Russia, Explained: The ‘Adrenaline Doughboy’ and Police Brutality

Photo: Police in Saint Petersburg. Credit: Alexei Dushustin / Novaya Gazeta
Photo: Police in Saint Petersburg. Credit: Alexei Dushustin / Novaya Gazeta

The latest wave of repressions is part of a broader crackdown on dissent that intensified following President Putin's 2020 constitutional power grab.

The fifth wave of mass protests supporting Russian opposition activist Alexei Navalny swept through Russia last week. This was not the biggest during three months of demonstrations since his arrest and yet the security forces detained more than 1,900 peaceful protesters — the most since January. Around half of all those arrested across Russia last week were detained in St. Petersburg.

Once an opposition outpost, not to mention the epicenter of the 1917 Russian Revolution, Russia’s liberal, literary “northern capital” has fast become a hotbed of police violence.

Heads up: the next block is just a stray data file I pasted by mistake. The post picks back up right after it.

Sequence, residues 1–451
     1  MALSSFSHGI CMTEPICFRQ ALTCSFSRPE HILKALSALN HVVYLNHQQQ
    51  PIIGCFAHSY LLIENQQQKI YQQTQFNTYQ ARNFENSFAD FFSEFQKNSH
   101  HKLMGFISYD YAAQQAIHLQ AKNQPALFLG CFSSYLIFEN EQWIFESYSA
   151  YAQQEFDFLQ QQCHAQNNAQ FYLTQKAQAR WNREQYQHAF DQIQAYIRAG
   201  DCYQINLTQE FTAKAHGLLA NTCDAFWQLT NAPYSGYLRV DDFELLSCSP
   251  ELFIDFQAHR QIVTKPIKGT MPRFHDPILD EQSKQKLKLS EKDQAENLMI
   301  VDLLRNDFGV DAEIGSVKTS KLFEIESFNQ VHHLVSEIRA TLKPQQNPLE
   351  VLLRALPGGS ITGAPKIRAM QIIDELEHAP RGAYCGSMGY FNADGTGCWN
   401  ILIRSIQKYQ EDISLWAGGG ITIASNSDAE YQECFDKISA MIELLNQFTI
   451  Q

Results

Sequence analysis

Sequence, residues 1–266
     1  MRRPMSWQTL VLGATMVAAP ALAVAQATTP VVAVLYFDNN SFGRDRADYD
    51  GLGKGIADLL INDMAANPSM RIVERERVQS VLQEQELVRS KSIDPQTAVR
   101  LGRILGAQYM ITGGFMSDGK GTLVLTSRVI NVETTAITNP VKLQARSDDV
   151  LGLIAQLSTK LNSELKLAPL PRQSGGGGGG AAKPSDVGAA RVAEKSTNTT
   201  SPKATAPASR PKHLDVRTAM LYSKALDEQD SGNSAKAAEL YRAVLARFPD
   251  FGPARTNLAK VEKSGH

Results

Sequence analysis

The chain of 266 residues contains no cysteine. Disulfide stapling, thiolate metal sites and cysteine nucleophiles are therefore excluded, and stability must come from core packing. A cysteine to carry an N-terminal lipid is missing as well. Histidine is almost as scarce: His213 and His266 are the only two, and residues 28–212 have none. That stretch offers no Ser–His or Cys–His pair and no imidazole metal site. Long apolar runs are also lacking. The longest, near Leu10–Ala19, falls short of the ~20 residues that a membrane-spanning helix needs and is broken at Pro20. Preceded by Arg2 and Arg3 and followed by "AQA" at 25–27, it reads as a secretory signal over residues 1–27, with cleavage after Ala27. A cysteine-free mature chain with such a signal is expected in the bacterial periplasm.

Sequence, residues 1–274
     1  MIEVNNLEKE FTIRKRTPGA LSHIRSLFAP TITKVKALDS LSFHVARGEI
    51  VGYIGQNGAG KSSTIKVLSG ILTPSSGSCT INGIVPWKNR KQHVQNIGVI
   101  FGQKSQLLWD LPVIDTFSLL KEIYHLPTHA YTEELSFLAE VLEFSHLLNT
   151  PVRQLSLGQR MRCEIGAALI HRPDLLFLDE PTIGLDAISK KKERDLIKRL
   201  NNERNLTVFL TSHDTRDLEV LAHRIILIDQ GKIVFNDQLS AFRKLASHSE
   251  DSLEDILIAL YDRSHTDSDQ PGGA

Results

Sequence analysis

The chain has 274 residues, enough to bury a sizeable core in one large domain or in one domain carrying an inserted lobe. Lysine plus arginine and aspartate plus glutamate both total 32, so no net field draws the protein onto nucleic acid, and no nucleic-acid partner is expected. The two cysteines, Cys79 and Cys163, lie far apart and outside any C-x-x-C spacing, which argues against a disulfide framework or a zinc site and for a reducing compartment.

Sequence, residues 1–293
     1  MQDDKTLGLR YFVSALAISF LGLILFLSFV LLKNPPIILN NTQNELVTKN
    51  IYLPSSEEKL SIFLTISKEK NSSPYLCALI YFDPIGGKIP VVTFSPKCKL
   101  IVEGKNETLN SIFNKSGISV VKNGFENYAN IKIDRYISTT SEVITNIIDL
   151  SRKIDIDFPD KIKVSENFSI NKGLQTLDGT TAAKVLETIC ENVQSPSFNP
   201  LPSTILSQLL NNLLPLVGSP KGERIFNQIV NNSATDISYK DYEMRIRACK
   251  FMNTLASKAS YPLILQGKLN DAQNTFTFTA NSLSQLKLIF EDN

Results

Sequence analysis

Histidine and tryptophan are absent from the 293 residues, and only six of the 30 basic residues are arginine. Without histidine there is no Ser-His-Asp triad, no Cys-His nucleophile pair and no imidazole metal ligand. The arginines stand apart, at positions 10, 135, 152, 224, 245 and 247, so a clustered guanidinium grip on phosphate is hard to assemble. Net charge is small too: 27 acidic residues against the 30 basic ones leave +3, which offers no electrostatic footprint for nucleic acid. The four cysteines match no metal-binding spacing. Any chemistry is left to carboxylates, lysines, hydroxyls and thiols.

“Some of the harshest detentions took place there, and from time-to-time electric shocks [from stun guns] crackled. These weapons were also used in the metro concourses, where people were thrown onto the stone floor and beaten,” a witness told Novaya Gazeta’s St. Petersburg correspondent, Tatiana Likhanova.

“I am 65 years old. I’m short of breath, and I have high blood pressure. I’ll die here,” said another protester as he was attacked and bundled into a bus. Officers appeared ready to let him go, until the appearance of their boss, Lieutenant Colonel Vitaly Kosarim, who shouted that there was still space in a second bus.